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David O’Leary’s financial planning firm, Kind Wealth, has been in the news lately because it’s offering free consultations to people suffering financial hardship in the pandemic. Mr. O’Leary has done something else of note lately – he’s written an account of how he declared bankruptcy at age 25.

It’s essential reading for anyone whose finances are in disarray now, or who was in trouble even before the pandemic hit. We can all find ourselves in situations with money that can bring on feelings of shame and embarrassment. Mr. O’Leary shows you how to move on from that and do better.

His story starts with him as a cocky young investor who builds an investment portfolio worth almost $500,000 with $200,000 of borrowed money. The stock market crash of 2000-01 hit him hard. By May 2003, at age 25, he was telling his parents that planned to file for bankruptcy on $189,518.02.

His money problems haunted him to the extent that in 2009, a job fell through when the potential employer found the bankruptcy in doing some background checks. But eventually, the feelings of shame faded. He’s now a well-respected financial planner helping other people take control of their money.

Take a lesson from Mr. O’Leary if you’re feeling embarrassed about your money problems. Move forward, take action and then forgive yourself. Anyone who says they haven’t made mistakes with money is lying or delusional.

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Rob’s personal finance reading list…

Three ways the pandemic will change retirement

Financial-planning author Alexandra Macqueen looks at how the financial market and economic disruptions caused by the pandemic will require a rethink of retirement planning. Debt, annuities and the concept of early retirement are all covered here.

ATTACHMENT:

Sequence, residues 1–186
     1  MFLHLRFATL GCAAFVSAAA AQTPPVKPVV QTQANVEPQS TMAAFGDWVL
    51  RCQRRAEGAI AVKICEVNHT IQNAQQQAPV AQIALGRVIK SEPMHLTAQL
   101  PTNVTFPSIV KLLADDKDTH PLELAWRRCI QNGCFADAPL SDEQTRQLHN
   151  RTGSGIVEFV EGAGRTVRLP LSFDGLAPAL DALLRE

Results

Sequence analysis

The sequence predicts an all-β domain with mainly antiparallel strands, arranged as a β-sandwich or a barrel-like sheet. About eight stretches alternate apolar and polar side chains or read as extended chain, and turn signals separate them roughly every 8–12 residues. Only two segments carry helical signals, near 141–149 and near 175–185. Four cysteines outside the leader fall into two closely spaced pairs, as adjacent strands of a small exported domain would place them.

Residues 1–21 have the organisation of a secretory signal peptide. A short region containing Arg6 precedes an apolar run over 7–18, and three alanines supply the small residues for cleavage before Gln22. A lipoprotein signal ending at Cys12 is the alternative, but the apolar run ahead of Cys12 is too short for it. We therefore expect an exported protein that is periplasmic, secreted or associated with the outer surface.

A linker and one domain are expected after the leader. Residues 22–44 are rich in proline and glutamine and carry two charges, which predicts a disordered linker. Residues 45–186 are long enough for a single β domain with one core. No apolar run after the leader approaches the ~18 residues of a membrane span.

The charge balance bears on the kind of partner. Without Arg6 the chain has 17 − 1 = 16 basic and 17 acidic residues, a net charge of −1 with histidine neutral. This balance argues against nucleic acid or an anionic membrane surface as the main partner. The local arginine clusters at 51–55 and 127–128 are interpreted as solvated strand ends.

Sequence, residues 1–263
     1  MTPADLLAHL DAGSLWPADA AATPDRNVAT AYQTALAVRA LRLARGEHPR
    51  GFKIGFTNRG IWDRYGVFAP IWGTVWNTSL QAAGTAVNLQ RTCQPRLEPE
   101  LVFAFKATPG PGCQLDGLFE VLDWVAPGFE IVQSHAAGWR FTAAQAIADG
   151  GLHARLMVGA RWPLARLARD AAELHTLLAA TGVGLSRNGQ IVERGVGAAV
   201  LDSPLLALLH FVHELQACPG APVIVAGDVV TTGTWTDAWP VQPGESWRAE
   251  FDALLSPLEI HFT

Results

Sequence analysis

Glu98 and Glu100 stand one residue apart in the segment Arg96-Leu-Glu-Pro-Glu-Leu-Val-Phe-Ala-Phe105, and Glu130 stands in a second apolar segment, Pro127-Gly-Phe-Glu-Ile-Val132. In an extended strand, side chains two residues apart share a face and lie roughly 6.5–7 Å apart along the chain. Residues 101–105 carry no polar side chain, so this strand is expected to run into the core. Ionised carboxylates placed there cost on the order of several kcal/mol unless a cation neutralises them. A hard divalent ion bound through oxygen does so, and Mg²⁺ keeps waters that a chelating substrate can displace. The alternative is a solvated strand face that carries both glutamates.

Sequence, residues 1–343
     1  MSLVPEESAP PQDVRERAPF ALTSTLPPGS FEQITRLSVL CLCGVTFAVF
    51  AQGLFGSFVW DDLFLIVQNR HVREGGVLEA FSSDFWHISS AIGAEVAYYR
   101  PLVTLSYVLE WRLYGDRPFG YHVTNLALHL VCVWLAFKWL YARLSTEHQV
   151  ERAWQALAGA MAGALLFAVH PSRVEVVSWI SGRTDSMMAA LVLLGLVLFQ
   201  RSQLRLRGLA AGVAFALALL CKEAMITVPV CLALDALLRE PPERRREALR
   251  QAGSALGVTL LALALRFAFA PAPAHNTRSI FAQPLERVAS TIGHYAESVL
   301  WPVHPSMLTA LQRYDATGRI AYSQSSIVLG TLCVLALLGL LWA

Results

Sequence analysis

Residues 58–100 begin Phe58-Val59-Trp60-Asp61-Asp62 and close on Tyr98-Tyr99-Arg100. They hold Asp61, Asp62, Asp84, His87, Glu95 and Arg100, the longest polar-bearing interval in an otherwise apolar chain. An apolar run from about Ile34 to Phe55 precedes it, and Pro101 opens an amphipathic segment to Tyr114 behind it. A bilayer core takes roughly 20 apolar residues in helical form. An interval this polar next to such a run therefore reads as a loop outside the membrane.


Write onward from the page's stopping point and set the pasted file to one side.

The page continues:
Are weddings a waste of money?

Someone posted this question in light of how the pandemic is disrupting so much in our lives. “Needless to say, this whole crisis has really opened my eyes to the importance of taking our finances seriously, and I am now starting to wonder if having (aka paying for) a wedding is a horrible idea in this economic climate that is certain to only get worse for the next couple of years.” Many, many replies to sort through.

The good, the bad and the ugly of car insurance rebates

This CBC report highlights how some car insurance companies have take a customer-friendly approach of reducing premiums while people drive less as a result of physical distancing, while others have not.

ETFs in the March stock market crash

A review of how exchange-traded funds holding assets like Canadian and U.S. stocks, real estate investment trusts, corporate bonds and preferred shares fared in the market downturn.

Ask Rob

Q: I look forward to your ETF Buyer’s Guide. I was wondering about how you choose the ETFs to include in your lists.

A: To build the list of exchange-traded funds listed in the ETF Buyer’s Guide, I use these criteria:

  • Track record: I prefer funds that have been around at least five years and thus have come through some market ups and downs.
  • Core investments: Only funds suitable as foundational portfolio building blocks are included, which means those covering bonds and Canadian, U.S. and international stocks. No sector or theme funds.
  • Performance: Funds with extreme volatility – on both the up and down side – are avoided. Also, funds with consistently weak performance.
  • Size: There is no strict minimum asset size, but small funds that aren’t attracting money tend not to be included.
  • Fees: There is no specific fee cut-off, but higher-cost funds are viewed with skepticism.

Do you have a question for me? Send it my way. Sorry I can’t answer every one personally. Questions and answers are edited for length and clarity.

Today’s financial tool

If you’re buying a home or renewing a mortgage, the daily mortgage rate report on RateSpy is a must-read. Tells you who’s cutting and raising rates.

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